ods include the judgments of external scientific panels with specific technical expertise, and judgment of experienced regulatory personnel. A consensus of multiple external scientific experts is likely to be more rigorous than regulatory judgments because disagreements among external experts are likely to lead to more robust risk assessments.
As indicated above, this committee agrees with previous NRC committees (NRC, 1989, 2000c) that there are no new categories of risk associated with transgenic plants. The categories of risks from transgenic plants include those associated with the movement of the transgenes, impacts of the whole plant through escape, and through impacts on agricultural practices, non-target organism effects, and resistance evolution. For this reason, the process of producing new plant varieties should not enter into the assessment. However, the committee’s analysis indicates that specific traits introduced by either of the two approaches can pose unique risks. For example, within the general category of “risks to non-target organisms,” production of Bt toxins in corn pollen could pose a unique airborne toxin-exposure that was never found in conventional corn varieties. For purposes of decision support this committee agrees with previous NRC reports which conclude that risks must be assessed on a case-by-case basis with consideration for the organism, trait, and environment.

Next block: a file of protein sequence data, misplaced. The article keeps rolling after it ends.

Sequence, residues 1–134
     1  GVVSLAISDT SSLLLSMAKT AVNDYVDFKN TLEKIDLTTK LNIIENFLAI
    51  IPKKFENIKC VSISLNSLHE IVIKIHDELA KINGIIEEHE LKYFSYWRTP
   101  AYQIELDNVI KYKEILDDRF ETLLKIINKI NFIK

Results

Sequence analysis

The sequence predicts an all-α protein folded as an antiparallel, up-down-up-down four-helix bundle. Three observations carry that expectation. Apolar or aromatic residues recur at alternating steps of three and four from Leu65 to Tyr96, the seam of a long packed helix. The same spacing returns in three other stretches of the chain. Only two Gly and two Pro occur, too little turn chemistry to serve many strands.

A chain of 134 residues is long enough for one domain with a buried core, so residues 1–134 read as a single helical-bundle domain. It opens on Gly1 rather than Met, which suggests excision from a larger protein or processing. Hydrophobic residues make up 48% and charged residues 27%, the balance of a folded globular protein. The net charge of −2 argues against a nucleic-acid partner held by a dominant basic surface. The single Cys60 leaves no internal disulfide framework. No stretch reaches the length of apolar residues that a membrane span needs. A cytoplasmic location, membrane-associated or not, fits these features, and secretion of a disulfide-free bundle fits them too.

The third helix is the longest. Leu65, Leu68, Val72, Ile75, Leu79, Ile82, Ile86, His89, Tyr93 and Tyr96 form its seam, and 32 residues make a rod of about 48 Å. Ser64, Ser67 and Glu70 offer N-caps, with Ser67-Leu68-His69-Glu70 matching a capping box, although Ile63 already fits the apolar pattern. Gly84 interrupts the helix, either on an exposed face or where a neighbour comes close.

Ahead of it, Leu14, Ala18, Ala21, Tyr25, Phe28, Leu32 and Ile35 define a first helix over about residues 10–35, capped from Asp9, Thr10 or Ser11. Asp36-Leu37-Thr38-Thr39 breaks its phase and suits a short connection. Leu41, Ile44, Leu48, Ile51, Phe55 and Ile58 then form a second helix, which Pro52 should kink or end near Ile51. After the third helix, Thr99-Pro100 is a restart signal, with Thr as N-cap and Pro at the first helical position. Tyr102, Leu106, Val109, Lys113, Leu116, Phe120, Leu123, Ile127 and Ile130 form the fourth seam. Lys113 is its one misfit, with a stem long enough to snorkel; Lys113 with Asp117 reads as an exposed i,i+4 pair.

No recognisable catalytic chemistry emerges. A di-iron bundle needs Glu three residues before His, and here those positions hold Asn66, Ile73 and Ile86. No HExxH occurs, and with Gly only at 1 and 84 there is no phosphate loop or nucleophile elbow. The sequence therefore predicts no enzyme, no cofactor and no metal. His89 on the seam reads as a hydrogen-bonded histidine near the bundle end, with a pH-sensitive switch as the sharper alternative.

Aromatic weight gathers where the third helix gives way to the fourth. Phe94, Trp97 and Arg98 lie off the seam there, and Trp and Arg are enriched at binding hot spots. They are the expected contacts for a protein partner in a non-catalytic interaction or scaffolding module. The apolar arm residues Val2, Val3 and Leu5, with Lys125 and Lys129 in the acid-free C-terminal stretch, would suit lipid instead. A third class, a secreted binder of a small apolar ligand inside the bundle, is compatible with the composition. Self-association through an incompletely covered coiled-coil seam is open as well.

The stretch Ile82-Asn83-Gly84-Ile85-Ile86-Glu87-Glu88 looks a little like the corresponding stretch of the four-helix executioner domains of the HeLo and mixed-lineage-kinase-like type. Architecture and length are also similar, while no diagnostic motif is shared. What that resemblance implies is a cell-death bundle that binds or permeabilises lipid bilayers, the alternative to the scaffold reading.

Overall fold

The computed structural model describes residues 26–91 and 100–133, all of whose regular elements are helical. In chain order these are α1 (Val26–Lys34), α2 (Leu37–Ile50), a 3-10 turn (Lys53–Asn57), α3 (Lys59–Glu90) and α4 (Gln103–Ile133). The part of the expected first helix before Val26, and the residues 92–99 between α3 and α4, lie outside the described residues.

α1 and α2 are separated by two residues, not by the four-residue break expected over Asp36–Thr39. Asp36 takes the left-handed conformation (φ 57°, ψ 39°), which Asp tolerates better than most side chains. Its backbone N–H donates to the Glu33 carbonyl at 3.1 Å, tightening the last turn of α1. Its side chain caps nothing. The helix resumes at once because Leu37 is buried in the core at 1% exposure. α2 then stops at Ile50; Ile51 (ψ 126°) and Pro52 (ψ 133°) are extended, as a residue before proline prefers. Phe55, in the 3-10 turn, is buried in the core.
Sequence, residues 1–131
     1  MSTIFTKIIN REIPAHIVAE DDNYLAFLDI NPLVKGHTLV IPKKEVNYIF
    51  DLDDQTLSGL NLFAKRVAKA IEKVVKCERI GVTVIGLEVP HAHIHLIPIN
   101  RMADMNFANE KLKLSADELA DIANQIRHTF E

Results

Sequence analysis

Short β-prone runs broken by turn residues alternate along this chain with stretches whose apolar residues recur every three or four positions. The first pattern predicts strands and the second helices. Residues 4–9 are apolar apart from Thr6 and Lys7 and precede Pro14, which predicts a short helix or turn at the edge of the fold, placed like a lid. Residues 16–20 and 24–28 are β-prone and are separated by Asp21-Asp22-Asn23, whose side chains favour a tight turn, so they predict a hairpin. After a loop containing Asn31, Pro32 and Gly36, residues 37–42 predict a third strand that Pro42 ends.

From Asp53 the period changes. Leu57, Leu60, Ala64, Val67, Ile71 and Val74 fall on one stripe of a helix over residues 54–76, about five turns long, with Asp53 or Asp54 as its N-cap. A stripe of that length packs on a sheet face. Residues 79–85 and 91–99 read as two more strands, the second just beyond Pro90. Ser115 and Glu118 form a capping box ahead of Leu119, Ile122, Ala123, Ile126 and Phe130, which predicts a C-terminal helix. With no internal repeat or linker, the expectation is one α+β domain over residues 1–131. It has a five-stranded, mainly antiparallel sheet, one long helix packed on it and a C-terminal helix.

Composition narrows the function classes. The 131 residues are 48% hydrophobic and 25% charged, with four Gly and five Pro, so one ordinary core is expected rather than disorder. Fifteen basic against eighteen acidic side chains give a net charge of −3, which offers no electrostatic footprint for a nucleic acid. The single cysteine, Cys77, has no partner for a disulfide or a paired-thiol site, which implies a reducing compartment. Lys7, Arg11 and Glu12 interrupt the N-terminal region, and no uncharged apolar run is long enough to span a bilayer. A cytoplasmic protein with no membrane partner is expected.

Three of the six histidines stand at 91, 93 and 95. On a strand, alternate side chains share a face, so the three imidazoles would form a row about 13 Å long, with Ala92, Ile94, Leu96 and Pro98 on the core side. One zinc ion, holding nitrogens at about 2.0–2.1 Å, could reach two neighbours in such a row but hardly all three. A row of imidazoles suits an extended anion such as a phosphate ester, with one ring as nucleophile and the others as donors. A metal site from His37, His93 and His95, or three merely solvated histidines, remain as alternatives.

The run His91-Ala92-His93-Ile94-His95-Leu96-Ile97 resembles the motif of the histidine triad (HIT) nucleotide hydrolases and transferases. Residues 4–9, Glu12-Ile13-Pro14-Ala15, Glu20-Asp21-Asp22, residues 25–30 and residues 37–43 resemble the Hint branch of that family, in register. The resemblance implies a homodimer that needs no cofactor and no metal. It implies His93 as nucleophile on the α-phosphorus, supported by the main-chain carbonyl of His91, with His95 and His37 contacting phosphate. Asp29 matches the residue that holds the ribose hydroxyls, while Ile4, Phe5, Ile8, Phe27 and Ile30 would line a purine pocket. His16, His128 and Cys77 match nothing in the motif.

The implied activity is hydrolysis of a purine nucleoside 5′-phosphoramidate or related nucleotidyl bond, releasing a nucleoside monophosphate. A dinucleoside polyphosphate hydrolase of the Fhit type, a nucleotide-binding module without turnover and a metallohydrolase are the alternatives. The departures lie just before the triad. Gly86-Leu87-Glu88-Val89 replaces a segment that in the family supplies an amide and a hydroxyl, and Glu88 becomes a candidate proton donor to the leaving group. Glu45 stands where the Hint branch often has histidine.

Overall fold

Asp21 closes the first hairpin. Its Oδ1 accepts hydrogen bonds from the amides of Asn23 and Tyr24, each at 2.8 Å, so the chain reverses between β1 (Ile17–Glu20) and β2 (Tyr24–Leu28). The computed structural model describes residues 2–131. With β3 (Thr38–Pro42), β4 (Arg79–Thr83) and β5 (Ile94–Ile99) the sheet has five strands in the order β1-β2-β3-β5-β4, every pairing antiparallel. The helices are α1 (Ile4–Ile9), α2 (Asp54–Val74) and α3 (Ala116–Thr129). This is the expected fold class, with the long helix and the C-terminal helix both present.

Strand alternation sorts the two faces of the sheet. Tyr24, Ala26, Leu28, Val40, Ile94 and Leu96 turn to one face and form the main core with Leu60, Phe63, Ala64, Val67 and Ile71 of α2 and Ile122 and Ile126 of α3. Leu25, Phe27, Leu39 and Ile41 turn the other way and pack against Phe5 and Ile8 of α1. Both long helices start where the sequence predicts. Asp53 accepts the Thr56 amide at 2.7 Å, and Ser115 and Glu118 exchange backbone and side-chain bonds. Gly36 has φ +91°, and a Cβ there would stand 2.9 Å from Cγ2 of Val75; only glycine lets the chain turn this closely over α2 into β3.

Typically there are a number of comparisons that are appropriate for assessing the risks of transgenic crops. For example, the environmental effects of a transgenic crop could be compared to chemically intensive farming practices and to farming practices developed to be more ecologically sustainable. Another obvious comparison is that of a crop variety with a transgenic trait to a similar variety (that is, a near isoline) lacking that trait. Therefore, the maintenance of such varieties is critical for appropriate testing.
The committee recognizes that in any attempt to mitigate environmental risk there is a need to be mindful of the fact that avoiding one risk can sometimes inadvertently cause another greater risk. For example, a regulation that discouraged research on pest-specific, plant-produced compounds could in some cases lead to continued use of environmentally disruptive synthetic pesticides.
The major focus of the committee’s work was on analysis of the scope and adequacy of the APHIS environmental review process for transgenic crops. There were three phases to the analysis. First, the committee examined the general statutes and rules used by APHIS to regulate transgenic plants and the documents that APHIS has developed as guidance for applicants. Next, APHIS assessments of specific applications for testing